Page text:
Bleeding in pregnancy causes much anxiety and fear. If you are early in the pregnancy, the first thought is--Am I having a miscarriage?. Getting an ultrasound and having blood taken can provide reassurance and confirmation. It is important to discuss any pain or bleeding that you experience in pregnancy with your doctor or midwife. There are many questions they will need to ask and knowing the answers can help them and you better understand what is going on.
Your care provider is going to ask when did you first start to bleed? What were you doing? Did it start all of a sudden or was it gradual? Was there pain or cramping with the bleeding? Did you have intercourse in the 24 hours before the bleeding started?
They will also want to confirm the bleeding is coming from the vagina. Could it be coming from the bladder or rectum? If you are feeling pain—is it in the middle or on one side? Does is start in one place or does it radiate? Where does it radiate to?
Your doctor or midwife will need to know how many weeks pregnant you are. When was your last period? Was it normal? Is this the first time you have experienced bleeding in this pregnancy? Has the bleeding been steady or does it come and go?
Other important questions will include what colour is the blood: pink, red or brown? Are you soaking a pad? How long does it take to soak the pad? How many pads have you soaked since the bleeding began? Are the pads large or small? Does the blood soak through your underwear, run down your leg, turn the toilet water red, or is it just there when you wipe? Have you passed any clots or tissue? How would you describe any pain you are experiencing: sharp, dull or crampy? On a scale of 1-10, 10 being the worst pain you have ever experienced, how would you rate the pain?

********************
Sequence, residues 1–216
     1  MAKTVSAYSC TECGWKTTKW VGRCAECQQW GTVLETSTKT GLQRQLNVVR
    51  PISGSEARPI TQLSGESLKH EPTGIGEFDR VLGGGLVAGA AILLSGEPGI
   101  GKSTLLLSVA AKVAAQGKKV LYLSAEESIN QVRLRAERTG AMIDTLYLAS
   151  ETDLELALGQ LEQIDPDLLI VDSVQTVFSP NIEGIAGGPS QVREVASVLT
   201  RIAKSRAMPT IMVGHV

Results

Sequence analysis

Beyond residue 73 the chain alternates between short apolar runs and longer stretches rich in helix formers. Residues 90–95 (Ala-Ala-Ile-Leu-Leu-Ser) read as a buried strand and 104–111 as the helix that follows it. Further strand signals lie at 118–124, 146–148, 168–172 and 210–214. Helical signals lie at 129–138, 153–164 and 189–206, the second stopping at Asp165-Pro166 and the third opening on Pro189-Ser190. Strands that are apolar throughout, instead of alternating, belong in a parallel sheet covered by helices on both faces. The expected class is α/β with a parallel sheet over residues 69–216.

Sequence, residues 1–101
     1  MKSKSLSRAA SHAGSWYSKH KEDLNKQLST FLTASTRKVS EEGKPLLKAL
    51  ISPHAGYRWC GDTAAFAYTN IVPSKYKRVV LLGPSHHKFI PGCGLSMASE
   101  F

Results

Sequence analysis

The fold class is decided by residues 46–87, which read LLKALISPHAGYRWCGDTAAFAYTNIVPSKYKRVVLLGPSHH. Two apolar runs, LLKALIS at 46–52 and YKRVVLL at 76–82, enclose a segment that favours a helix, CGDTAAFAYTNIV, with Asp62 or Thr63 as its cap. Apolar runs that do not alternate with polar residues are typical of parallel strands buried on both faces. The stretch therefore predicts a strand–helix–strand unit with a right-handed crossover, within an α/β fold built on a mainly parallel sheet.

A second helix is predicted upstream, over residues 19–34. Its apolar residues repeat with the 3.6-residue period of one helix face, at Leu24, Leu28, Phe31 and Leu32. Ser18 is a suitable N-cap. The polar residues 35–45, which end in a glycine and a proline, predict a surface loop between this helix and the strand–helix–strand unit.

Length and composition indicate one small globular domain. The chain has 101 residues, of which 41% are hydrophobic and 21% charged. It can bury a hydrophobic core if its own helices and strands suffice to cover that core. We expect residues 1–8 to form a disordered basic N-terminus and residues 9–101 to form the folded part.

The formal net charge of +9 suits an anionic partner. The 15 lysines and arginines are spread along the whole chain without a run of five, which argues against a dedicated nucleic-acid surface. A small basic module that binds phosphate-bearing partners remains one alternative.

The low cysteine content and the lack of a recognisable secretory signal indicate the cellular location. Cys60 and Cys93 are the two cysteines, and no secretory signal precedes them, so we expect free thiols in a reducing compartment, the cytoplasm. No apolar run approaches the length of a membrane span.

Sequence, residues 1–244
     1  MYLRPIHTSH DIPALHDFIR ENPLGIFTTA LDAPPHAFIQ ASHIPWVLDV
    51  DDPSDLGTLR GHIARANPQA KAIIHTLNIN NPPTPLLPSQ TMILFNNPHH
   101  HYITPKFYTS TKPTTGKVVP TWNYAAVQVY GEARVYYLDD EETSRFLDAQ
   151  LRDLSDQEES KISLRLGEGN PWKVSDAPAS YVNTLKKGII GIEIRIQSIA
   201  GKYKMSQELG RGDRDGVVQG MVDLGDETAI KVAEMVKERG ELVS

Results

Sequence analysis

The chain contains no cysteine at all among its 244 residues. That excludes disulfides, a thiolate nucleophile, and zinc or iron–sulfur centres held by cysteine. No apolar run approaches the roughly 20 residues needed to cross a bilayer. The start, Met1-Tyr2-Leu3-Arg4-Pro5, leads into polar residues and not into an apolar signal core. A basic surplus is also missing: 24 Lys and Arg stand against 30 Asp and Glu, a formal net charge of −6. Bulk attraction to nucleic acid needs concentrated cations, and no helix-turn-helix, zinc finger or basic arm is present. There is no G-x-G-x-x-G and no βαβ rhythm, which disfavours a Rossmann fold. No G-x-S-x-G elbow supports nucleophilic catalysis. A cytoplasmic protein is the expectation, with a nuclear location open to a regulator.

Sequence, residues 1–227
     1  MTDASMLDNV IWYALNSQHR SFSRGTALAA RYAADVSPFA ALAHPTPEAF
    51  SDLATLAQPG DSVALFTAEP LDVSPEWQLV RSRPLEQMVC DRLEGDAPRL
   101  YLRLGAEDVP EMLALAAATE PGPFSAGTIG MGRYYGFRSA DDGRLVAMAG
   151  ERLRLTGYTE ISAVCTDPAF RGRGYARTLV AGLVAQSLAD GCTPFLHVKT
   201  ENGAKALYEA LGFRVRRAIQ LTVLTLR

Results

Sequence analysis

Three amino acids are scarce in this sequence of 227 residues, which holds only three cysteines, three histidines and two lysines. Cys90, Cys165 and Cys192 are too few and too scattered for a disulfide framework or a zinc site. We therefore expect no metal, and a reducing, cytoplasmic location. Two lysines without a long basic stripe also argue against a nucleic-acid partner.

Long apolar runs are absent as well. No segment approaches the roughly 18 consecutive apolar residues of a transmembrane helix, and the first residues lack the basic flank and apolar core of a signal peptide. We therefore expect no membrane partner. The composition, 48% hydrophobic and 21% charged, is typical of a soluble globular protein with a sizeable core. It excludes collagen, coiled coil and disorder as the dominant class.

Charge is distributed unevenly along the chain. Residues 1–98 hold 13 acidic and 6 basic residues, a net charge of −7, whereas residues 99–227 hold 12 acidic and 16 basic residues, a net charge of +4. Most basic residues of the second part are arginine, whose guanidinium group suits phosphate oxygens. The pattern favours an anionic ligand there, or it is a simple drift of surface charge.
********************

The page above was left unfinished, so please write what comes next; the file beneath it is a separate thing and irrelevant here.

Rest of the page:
You will be asked if you are experiencing any dizziness, fainting, nausea, vomiting or fever. Are you experiencing any foul smelling vaginal discharge? Does it hurt to pee? Do you experience more bleeding or clots if you have been sitting or lying down and then get up?
Tests or Investigations
If you are talking with a care provider that you haven’t met before they are also going to ask you if you have already had an ultrasound in this pregnancy. How many weeks were you when you had this ultrasound? Did they confirm the baby was in the uterus? Did they see a heartbeat? Did they say anything about your placenta?
It is hard to know why a miscarriage occurs and stats vary depending on certain variables such as how many weeks pregnant you are, how old you are, or if you have had a previous miscarriage(s). What we do know is that not all bleeding in early pregnancy results in miscarriage. However it is very scary, and until we know what is happening, we often fear the worst. Losing a wanted or longed for child through miscarriage is heartbreaking. It is important if this is something you are experiencing or have experienced and are struggling, you seek out support from loving friends and family or even a counsellor or miscarriage support group in your area.